Paragraph 4(a) of the Policy requires that the Complainant must prove each of the following three elements to obtain an order that a domain name should be cancelled or transferred:


(1)   the domain name registered by the Respondent is identical or confusingly similar to a trademark or service mark in which the Complainant has rights;

(2)   the Respondent has no rights or legitimate interests in respect of the domain name; and

(3)   the domain name has been registered and is being used in bad faith.


Identical and/or Confusingly Similar


Complainant asserts ownership of registrations for various service marks and trademarks with the United States Patent and Trademark Office (“USPTO”) for various marks related to its University.  Applicable to the instant dispute is the registration for the BAYLOR service and trademarks (Reg. No. 1,645,910 issued November 17, 1987).  The Panel finds that Complainant’s registrations sufficiently confer rights for the purposes of Policy ¶ 4(a)(i).  See Paisley Park Enters. v. Lawson, FA 384834 (Nat. Arb. Forum Feb. 1, 2005) (finding that the complainant had established rights in the PAISLEY PARK mark under Policy ¶ 4(a)(i) through registration of the mark with the USPTO); see also VICORP Rests., Inc. v. Triantafillos, FA 485933 (Nat. Arb. Forum July 14, 2005) (“Complainant has established rights in the BAKERS SQUARE mark by registering it with the United States Patent and Trademark Office (“USPTO”).”).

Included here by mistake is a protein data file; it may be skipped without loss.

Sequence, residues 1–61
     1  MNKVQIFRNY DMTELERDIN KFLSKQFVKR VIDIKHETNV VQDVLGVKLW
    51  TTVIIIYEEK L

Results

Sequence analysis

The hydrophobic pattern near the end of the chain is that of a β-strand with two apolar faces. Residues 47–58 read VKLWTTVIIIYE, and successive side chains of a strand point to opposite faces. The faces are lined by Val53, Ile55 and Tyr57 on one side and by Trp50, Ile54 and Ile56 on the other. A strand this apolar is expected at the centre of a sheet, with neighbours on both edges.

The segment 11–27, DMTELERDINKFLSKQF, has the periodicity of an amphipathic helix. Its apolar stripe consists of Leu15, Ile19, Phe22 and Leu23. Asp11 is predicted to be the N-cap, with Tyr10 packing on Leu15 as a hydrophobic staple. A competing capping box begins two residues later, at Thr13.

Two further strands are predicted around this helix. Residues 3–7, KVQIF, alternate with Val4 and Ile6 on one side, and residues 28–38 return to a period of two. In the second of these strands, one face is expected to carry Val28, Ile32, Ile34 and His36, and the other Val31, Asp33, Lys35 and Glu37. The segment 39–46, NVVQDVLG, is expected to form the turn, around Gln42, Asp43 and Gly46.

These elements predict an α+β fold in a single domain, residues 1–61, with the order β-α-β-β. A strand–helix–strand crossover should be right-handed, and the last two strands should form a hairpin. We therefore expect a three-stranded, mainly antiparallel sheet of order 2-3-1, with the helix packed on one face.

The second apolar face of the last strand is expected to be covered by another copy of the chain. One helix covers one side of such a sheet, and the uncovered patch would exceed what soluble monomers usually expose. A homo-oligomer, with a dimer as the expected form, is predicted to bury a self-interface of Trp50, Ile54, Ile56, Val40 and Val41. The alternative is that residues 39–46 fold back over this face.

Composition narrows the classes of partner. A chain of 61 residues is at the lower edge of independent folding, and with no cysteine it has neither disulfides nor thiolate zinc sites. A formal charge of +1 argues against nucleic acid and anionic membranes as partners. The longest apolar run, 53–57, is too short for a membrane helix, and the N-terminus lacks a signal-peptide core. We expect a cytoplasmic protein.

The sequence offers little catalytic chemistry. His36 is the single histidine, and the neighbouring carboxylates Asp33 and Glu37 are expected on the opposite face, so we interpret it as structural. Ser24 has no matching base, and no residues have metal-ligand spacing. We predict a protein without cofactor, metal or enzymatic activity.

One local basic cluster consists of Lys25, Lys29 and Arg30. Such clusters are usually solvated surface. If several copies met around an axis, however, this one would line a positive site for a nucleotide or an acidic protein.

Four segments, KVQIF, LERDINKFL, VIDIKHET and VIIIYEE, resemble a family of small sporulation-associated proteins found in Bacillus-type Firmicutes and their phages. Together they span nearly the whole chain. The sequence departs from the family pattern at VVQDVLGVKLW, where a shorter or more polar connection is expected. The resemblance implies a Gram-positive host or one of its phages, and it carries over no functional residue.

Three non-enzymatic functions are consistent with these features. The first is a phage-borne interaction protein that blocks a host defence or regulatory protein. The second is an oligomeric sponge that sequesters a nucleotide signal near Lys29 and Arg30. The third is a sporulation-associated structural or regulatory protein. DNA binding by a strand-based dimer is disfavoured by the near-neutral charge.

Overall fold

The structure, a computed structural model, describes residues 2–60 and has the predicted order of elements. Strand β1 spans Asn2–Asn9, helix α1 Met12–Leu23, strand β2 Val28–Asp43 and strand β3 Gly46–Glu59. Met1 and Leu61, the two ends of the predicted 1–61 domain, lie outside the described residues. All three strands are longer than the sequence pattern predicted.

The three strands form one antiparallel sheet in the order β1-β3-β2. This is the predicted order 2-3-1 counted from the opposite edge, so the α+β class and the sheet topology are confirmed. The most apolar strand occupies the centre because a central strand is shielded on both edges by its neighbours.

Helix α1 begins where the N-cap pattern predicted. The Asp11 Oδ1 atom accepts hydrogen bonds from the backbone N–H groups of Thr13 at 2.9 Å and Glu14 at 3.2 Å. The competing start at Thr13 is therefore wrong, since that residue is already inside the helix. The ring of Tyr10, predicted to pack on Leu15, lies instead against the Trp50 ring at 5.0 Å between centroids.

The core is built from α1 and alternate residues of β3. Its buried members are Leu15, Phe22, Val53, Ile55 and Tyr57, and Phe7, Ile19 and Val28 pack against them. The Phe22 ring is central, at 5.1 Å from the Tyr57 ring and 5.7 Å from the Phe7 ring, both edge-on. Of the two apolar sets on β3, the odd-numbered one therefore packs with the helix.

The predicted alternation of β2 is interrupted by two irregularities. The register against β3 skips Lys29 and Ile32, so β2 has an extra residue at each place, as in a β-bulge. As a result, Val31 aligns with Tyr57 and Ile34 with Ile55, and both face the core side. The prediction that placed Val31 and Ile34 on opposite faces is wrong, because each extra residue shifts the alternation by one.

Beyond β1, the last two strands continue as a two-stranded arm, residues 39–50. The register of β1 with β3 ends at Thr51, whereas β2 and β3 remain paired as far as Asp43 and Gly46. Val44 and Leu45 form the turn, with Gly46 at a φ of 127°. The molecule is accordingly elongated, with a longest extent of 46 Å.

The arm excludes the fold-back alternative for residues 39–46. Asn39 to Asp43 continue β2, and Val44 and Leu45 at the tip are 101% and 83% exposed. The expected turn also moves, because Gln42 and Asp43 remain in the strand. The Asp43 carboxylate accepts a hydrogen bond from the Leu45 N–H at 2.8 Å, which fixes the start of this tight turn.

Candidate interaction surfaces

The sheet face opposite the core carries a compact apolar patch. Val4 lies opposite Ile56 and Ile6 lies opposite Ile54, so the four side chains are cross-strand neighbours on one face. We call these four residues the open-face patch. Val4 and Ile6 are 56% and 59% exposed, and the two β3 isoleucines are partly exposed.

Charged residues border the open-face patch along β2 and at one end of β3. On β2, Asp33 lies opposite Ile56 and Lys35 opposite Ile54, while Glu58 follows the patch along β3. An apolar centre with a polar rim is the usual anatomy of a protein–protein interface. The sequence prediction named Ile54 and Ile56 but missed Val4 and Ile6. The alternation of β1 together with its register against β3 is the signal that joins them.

The <> and <> domain names are confusingly similar to Complainant’s BAYLOR mark under Policy ¶ 4(a)(i).  Complainant contends that the disputed domain names contain Complainant’s mark in its entirety, along with the addition of either the term “psychiatrist” or “psychiatry,” which Complainant contends has a direct relationship to Complainant’s medical school.  The addition of the generic top-level domain “.com” is irrelevant as all domain names are required to have a top-level domain.  See Constellation Wines U.S., Inc. v. Tex. Int’l Prop. Assocs., FA 948436 (Nat. Arb. Forum May 8, 2007) (finding that the addition of the descriptive term “wine” to the complainant’s BLACKSTONE mark in the <> domain name was insufficient to distinguish the mark from the domain name under Policy ¶ 4(a)(i)); see also Franklin Mint Fed. Credit Union v. GNO, Inc., FA 860527 (Nat. Arb. Forum Feb. 23, 2007) (“When assessing the similarities between the domain name and the trademark, the domain name suffix “.com” should be disregarded.”).


Respondent does not address the elements of Policy ¶ 4(a)(i).


Rights or Legitimate Interests